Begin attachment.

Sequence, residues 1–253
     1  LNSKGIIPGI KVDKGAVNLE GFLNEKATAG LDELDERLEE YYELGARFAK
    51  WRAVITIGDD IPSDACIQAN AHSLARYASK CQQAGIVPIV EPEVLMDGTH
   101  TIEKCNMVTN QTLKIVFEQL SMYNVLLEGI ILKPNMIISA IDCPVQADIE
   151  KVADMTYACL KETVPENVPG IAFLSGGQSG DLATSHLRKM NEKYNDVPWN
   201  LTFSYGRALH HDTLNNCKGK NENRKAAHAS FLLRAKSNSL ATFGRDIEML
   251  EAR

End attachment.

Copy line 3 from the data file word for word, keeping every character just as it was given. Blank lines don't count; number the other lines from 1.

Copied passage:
    51  WRAVITIGDD IPSDACIQAN AHSLARYASK CQQAGIVPIV EPEVLMDGTH